America’s sports organizations are increasingly focused on Green initiatives and environmental issues. According to Allen Hershkowitz, a senior scientist with the Natural Resources Defense Council (NRDC), sports organizations including Major League Baseball*, the National Basketball Association, the U.S. Tennis Association, and the National Hockey League are now partnering with the NRDC in a variety of “Green” ways.
Getting the sporting industry behind Green and environmental issues has been a slow but steady process, continues Hershkowitz: “It took the environmental community 30 years from the first Earth Day to partner with sports.” He adds that getting sports organizations and governing bodies involved in these issues is an important part of increasing public awareness, as “only 13 percent of Americans follow science, but 63 percent follow sports.” The hope is that as more Americans realize their favorite teams are getting on the Green and sustainable bandwagon, fans will follow suit, implementing environmentally preferable practices in their personal lives, schools, and work environments.
To help the movement along, in 2010 the NRDC conceived and founded the Green Sports Alliance, of which I am a board member. This organization, which started with six professional teams and five sports facilities, today counts more than 200 professional and collegiate teams and sports venues as members, working together to share ideas and information on how to incorporate more Green and sustainable practices into their own operations. While the emphasis in professional sports has historically been only on winning—rather than Greening at the same time—this mindset is now changing fairly rapidly.
What Took Them So Long?
So why has it taken so long for sports teams to become more involved in the environmental movement? One reason is that many major league sports organizations are not directly involved with the operations of the venues in which they play. Yet Greening these facilities and helping them to use energy, gas, water, and other natural resources more responsibly is core to Greening the industry as a whole.
Another roadblock has been the fact that sports facility owners and managers – similar to building owners and managers – have historically been concerned that making a facility Greener and more sustainable would be costly and offer little return on the investment. Thankfully, examples are beginning to surface that prove that this is not the case. For instance, according to the Green Sports Alliance, the Seattle Mariners baseball team has reported saving more than $2 million by reducing their natural gas use by 60 percent and their electricity use by 30 percent from 2006 to 2009 at Safeco Field.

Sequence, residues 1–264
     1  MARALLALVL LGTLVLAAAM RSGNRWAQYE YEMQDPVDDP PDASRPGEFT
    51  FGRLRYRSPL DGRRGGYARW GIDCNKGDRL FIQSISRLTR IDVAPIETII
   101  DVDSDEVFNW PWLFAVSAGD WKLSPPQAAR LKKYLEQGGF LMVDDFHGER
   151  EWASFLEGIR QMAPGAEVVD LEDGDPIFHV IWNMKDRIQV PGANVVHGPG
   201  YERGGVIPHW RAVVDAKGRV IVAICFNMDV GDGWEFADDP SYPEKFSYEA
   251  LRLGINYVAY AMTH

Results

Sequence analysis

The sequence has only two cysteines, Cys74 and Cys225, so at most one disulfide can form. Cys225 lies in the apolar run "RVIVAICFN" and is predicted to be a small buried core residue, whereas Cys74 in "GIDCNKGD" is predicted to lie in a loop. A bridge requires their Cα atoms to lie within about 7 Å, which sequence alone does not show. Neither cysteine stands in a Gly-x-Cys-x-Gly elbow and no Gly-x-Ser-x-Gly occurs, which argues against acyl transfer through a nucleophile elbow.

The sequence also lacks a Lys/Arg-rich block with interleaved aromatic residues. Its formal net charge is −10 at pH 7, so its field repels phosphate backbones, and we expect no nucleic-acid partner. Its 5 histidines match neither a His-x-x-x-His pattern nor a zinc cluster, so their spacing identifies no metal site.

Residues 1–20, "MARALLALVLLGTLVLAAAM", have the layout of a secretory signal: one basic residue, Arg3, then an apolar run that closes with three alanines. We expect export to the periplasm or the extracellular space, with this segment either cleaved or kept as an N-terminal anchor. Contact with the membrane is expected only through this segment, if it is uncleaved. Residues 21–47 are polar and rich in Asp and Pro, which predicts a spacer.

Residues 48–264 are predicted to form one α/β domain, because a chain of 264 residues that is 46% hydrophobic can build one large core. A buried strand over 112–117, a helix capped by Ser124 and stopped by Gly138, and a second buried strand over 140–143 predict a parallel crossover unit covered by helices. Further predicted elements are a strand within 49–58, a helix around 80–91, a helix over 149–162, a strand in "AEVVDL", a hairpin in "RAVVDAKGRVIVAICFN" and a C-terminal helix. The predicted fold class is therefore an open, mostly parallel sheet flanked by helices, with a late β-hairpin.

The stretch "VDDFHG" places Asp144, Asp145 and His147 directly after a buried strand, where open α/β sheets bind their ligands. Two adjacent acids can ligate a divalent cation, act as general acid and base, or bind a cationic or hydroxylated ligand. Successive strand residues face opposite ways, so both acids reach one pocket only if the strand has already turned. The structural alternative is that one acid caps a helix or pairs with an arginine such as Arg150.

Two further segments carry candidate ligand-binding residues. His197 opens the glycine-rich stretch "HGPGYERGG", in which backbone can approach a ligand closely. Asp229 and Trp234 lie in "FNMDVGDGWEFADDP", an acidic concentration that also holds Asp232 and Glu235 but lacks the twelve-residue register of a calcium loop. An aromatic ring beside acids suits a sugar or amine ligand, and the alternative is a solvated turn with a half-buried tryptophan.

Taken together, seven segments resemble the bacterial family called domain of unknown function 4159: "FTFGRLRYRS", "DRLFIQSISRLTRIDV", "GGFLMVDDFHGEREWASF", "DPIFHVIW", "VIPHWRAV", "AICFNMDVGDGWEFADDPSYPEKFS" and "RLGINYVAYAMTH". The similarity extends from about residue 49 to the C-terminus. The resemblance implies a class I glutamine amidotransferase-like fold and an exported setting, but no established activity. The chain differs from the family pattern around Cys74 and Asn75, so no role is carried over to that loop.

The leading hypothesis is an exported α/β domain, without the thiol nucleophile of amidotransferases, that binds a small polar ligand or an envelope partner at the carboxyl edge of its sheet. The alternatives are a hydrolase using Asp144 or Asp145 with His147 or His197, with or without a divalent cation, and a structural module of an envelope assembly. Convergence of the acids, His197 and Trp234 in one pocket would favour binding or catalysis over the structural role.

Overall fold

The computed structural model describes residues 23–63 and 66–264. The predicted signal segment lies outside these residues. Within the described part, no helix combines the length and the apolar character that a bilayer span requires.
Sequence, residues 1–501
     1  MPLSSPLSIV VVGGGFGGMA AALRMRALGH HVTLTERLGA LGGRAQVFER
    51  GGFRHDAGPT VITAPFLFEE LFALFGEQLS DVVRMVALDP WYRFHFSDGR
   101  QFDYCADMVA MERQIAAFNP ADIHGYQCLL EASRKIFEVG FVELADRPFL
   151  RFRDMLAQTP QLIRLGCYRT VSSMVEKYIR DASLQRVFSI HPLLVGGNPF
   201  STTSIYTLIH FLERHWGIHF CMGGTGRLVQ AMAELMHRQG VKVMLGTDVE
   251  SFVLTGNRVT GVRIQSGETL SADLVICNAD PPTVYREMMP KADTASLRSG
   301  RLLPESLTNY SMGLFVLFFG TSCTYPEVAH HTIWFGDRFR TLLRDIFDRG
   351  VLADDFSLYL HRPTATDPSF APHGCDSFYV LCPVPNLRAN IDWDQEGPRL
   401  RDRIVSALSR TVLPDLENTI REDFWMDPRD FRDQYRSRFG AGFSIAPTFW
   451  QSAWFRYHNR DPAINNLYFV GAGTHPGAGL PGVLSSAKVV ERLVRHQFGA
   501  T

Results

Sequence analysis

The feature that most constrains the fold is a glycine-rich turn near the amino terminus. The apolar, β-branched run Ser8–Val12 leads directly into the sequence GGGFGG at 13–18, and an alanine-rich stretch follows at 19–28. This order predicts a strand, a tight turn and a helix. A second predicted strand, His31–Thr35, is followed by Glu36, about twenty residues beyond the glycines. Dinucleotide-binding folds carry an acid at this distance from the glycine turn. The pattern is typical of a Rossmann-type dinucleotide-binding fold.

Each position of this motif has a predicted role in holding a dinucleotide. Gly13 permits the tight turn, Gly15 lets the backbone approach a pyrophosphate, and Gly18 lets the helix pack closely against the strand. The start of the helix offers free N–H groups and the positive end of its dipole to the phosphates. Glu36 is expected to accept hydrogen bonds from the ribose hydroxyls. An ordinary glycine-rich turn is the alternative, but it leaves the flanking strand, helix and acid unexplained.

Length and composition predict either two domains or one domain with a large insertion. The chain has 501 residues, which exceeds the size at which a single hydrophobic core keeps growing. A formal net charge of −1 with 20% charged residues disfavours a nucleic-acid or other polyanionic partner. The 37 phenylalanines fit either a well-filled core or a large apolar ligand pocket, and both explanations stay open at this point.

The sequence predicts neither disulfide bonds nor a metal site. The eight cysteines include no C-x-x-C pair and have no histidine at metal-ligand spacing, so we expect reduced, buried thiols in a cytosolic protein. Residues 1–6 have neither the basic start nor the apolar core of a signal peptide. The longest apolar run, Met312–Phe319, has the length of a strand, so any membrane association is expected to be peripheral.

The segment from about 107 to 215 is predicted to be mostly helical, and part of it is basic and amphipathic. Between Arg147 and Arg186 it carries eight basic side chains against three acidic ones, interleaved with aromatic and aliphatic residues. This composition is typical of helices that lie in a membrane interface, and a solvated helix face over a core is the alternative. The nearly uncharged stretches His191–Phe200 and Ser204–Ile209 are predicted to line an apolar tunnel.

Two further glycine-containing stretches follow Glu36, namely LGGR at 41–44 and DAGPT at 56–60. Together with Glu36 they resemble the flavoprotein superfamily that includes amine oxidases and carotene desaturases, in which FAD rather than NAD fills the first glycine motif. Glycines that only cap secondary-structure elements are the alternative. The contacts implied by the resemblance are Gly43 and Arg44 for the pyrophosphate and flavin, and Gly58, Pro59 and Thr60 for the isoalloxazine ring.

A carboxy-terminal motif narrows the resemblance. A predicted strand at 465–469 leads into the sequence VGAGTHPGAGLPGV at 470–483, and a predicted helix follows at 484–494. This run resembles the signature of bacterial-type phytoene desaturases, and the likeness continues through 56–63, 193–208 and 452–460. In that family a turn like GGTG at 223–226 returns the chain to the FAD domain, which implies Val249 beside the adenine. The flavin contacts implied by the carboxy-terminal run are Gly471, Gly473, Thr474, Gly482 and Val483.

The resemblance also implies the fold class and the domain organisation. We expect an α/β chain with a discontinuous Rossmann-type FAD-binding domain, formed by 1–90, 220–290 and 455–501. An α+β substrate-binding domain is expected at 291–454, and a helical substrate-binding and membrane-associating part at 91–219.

Going Green Benefits the Bottom Line
Today, the sports industry is increasingly aware that becoming more environmentally responsible can have several benefits. In fact, venues of every size are reporting achieving operational cost savings by implementing Green and environmental practices.
Some other benefits of implementing environmentally responsible operation programs include:
Good PR. Several studies indicate that people want the businesses they support—or, in this case, the sports teams for which they cheer and the facilities where they play—to be Greener and more environmentally aware. Trumpeting the fact that a team or venue is incorporating environmentally positive measures into its facility operations is meaningful to fans—especially those in younger demographics—and can help build fan loyalty.
Increased revenue. According to a study by Wharton School at the University of Pennsylvania,** there is evidence that becoming Greener and more sustainable can actually boost a team or venue’s bottom line, as well as reducing costs. This study reports that environmental activities and messages attract increased numbers of fans who place greater significance on environmental issues. According to the researchers, these fans have “become a new source of revenue which has the potential to power profits and environmental efforts over the long term.”
Public awareness. As discussed by Hershkowitz, one of the biggest impacts of the Greening of the sports industry is its potentially significant impact on the behavior and attitudes of millions of sports fans. In fact, according to the Wharton report, “Messages delivered at games, on TV, and online influence tens of millions of fans on a regular basis.”
Of course, while all this is a great start, we still have a ways to go. For instance, millions of sports fans drive to sporting venues to see their favorite teams play, producing large amounts of greenhouse gases every year; however, in time, these kinds of issues can be addressed as well. The good news is that the American sports industry is certainly beginning to see the light—and that light is Green.
Stephen P. Ashkin is executive director of the Green Cleaning Network (a not-for-profit organization dedicated to educating building owners and suppliers about Green cleaning), president of The Ashkin Group (a consulting firm specializing in Greening the cleaning industry), and a board member of the Green Sports Alliance. Considered the “father of Green Cleaning,” he is also the coauthor of The Business of Green Cleaning and Green Cleaning for Dummies.
* In 2005, Major League Baseball became the first professional sports league to partner with the NRDC.
* Plunckett Research Limited®